A bacteria found in the gut of a rabbit can now help cars run in a more eco-friendly way.
The bacteria, identified by biotech start-up LanzaTech, helps turn factory carbon emissions, a.k.a. pollution, into ethanol, an alcohol that is blended with gasoline to reduce the amount of fuel used by cars.
Almost every gallon of gasoline sold in the United States today is 10 percent ethanol, according to the Renewable Fuels Association. But ethanol still has environmental implications. For example, there's the food versus fuel debate. Ethanol is typically made from corn, sugar cane or grasses, which take a lot of land to grow, acreage that some argue is needed to grow food.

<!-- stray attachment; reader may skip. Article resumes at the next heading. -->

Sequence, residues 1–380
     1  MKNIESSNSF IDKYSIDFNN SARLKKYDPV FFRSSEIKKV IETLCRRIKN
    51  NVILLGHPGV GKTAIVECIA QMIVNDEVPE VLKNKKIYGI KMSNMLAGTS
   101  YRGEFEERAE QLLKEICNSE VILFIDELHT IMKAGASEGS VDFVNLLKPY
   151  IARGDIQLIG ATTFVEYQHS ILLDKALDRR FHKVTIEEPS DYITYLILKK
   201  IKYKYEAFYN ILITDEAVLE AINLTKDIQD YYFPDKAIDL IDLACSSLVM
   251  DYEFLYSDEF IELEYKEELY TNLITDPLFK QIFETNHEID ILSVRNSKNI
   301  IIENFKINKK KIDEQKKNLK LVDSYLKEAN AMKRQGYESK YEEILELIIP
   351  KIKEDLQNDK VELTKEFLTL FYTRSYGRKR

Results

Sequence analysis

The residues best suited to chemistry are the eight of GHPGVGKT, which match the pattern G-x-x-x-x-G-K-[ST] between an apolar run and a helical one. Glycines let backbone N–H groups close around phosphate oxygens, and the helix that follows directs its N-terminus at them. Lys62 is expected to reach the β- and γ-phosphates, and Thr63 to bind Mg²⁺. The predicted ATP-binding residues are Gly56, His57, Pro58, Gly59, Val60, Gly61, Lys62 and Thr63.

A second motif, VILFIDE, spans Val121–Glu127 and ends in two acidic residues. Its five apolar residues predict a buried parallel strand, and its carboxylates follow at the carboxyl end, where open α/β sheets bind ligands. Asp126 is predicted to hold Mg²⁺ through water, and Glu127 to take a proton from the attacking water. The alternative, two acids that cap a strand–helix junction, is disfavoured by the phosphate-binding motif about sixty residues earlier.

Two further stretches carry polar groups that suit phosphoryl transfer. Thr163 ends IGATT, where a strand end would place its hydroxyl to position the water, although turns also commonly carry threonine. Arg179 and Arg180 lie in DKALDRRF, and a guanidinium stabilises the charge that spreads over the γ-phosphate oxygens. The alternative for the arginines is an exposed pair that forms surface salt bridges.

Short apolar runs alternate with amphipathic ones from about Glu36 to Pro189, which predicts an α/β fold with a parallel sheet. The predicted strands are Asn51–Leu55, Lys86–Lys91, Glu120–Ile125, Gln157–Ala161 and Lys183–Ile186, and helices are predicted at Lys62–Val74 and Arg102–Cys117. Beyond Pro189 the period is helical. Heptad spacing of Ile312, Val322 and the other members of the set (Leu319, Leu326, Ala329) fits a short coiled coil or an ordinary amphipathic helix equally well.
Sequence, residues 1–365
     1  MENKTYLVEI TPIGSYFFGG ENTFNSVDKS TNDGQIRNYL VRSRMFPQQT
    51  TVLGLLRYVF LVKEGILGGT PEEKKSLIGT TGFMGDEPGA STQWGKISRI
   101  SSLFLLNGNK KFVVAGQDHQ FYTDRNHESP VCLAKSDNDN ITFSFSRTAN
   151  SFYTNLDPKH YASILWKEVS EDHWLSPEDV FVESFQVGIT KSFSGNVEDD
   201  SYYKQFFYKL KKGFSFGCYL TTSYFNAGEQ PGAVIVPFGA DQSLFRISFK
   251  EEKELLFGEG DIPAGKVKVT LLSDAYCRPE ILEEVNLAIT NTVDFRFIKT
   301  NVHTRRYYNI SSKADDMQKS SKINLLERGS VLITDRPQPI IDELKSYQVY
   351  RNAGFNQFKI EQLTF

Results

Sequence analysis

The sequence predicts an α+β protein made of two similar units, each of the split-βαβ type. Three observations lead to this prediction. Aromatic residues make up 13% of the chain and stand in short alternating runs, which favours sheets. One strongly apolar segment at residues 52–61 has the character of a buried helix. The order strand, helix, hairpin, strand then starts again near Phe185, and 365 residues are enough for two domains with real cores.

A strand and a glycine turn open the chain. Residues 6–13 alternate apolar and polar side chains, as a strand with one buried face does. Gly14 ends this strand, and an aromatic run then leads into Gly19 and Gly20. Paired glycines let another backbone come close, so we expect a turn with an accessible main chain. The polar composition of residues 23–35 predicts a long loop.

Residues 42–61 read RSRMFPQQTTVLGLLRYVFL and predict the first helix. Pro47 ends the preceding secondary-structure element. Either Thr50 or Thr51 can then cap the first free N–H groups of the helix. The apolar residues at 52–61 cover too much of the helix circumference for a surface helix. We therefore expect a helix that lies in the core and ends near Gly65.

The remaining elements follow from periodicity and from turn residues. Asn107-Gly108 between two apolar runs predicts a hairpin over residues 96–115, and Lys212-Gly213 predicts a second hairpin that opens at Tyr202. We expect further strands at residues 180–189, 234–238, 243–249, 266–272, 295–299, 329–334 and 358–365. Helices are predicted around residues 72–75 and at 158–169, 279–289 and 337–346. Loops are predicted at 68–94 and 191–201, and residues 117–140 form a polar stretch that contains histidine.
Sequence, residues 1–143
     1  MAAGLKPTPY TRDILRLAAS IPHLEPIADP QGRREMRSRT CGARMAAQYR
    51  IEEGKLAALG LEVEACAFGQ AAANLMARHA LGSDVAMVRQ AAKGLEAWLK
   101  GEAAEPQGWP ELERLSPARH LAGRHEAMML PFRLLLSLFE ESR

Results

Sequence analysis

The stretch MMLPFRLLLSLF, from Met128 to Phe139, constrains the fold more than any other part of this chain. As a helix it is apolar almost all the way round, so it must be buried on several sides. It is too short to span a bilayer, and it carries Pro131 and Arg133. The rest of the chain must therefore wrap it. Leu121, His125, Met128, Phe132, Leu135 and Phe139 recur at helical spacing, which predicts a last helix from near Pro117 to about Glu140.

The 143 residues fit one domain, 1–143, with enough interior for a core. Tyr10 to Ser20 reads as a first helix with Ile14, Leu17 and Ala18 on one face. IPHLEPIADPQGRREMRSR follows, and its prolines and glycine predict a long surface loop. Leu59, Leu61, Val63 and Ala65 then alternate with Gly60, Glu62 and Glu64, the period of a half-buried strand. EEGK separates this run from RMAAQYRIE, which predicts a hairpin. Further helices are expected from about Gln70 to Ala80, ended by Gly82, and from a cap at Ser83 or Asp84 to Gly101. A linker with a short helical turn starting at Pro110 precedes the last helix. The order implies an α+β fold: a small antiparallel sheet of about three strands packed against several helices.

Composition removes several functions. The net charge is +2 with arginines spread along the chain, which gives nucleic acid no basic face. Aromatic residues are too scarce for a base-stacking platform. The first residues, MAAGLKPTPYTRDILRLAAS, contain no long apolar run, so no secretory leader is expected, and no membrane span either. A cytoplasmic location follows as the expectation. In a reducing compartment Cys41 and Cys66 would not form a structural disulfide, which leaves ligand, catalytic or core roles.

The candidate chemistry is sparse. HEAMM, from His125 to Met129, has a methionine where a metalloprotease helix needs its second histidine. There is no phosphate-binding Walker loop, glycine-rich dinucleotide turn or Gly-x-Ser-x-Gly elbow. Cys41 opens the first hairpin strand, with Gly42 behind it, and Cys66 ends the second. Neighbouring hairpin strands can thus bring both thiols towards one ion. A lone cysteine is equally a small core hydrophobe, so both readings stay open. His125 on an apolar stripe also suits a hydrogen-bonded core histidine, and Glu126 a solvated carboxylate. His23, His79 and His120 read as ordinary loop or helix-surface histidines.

“The world uses 50 million barrels per day of fossil fuels (that’s for cars, planes, boats). If we want to try to substitute a significant portion of that using sugars ... we would end up using all our landmass to make fuels versus growing crops to feed people,” Jennifer Holmgren, CEO of LanzaTech tells CNBC Make It.
"While there are many sustainable sources of sugar-derived ethanol ... it’s not enough to substitute for all the fuel we use today," says Holmgren. "Enter gas fermentation."
Holmgren is referring to the revolutionary, and according to LanzaTech, greener, process of producing ethanol developed by the start-up. The Chicago-based company discovered a way to make ethanol from the carbon waste emissions secreted by factories — the exhaust you can see billowing out of their smoke stacks.